stereo.jpg.6e0ef78648ddfc3bc203e1982ec9de77.jpg 

 

And here are a few pix of the final product.  

Hypisodus.jpg.f3a4884838ba584a4925f1ce24f77c4e.jpg

 

Hypisodus is a small (really small) artiodactyl; a distant relative to modern deer.  Not an ancestor, but an offshoot on the family tree.  It had a big eye and huge ear bones suggesting that it was nocturnal.  Unlike any modern artiodactyl, it has five toes on the front leg and four on the rear.  The back leg is condiserably longer than the front.  The font leg on this one is to the left of the lower jaw.  You can only see three toes; the other two are too deep in the rock to expose.  The second front leg is actually exposed on the other side, under the skull.  The back legs are the one folded up by the snout and the other one at the bottom  of the rock.  

Below is a closer view of that back leg.  At the tip, you can clearly see two large-ish hoofs.  They are the ends of two functional toes.  Each functional toe includes that hoof, then two toe bones, then a much much longer metatarsal (the second functional toe is hidden more or less parallel to the one you can clearly see).  Then there are two non-functional toes that probably had dew claws.  You can see the long very thin metetarsal of one of thoes toes here as well as the first toe bone attached to it.  This metatarsal is too thin to show up on the CT scan.  Hospital CT scanners have their limits.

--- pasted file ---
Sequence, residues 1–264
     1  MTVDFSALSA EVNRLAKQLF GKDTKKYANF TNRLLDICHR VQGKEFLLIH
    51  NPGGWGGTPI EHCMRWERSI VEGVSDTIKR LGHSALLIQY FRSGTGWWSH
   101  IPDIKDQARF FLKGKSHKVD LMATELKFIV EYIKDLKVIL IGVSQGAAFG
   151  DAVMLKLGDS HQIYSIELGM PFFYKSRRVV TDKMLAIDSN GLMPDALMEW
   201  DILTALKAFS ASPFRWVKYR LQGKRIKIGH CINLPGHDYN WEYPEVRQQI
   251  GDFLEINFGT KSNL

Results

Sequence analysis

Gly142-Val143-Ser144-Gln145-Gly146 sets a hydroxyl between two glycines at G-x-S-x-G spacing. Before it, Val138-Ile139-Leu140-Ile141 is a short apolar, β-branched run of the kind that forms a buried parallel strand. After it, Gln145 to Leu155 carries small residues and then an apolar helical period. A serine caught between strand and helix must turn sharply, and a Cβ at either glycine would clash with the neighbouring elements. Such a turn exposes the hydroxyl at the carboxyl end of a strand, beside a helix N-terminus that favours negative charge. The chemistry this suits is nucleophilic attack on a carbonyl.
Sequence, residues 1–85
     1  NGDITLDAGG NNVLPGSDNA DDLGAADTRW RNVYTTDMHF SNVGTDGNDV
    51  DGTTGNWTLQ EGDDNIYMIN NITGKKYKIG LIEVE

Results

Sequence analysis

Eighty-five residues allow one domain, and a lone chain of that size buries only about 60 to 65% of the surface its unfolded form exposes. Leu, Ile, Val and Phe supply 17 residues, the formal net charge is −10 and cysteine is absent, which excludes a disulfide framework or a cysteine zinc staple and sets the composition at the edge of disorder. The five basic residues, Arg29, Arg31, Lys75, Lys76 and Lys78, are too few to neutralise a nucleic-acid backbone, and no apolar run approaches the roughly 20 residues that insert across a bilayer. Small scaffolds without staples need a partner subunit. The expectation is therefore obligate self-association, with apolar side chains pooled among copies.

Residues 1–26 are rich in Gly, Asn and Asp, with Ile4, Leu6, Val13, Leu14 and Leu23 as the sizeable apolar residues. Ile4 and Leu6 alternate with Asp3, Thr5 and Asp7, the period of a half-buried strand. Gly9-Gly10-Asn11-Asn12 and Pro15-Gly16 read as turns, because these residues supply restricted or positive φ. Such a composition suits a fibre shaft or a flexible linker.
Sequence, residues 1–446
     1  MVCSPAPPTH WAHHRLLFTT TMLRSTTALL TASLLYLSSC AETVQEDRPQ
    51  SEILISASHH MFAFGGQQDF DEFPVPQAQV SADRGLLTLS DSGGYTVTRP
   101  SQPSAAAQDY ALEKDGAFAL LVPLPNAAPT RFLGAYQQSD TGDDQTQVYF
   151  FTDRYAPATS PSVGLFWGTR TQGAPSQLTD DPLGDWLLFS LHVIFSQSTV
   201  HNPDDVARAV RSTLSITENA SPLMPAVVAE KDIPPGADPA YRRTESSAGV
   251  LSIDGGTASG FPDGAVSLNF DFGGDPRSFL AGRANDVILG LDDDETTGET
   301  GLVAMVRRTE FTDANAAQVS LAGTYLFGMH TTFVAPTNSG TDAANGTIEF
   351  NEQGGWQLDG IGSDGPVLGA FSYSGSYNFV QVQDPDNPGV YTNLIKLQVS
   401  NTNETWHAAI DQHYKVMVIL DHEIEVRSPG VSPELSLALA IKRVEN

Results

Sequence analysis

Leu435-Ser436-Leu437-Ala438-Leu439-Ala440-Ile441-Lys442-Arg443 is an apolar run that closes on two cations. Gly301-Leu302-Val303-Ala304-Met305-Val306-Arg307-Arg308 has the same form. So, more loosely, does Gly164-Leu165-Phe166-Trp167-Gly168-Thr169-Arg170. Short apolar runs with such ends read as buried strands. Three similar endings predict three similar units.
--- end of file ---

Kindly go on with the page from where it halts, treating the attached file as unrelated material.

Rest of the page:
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This thing took me 35 hours to prep.  It was all done under the microscope with a number three MicroJack, and dolomite in the air abrasive machine used at 5 to 20 psi, for those taking notes.  

 

 

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Brett Breakin' Rocks
3 minutes ago, jpc said:

Hypisodus is a small (really small) artiodactyl;

Woah .. man oh man that thing is a beauty. Congrats on the amazing find, but your prep job is the real show stopper here.

 

Cheers,

Brett

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:envy:

:thumbsu:

 

Beautiful fossil, excellent use of technology, and masterful prepping!

 

 

Cheers.

 

-Ken

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Thanks, guys... Ok, back out to the lab for the afternoon.  (It is supposed to be nice next weekend.  I am planning a the first fossil outing of the year).

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LordTrilobite

That looks fantastic!

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Jeffrey P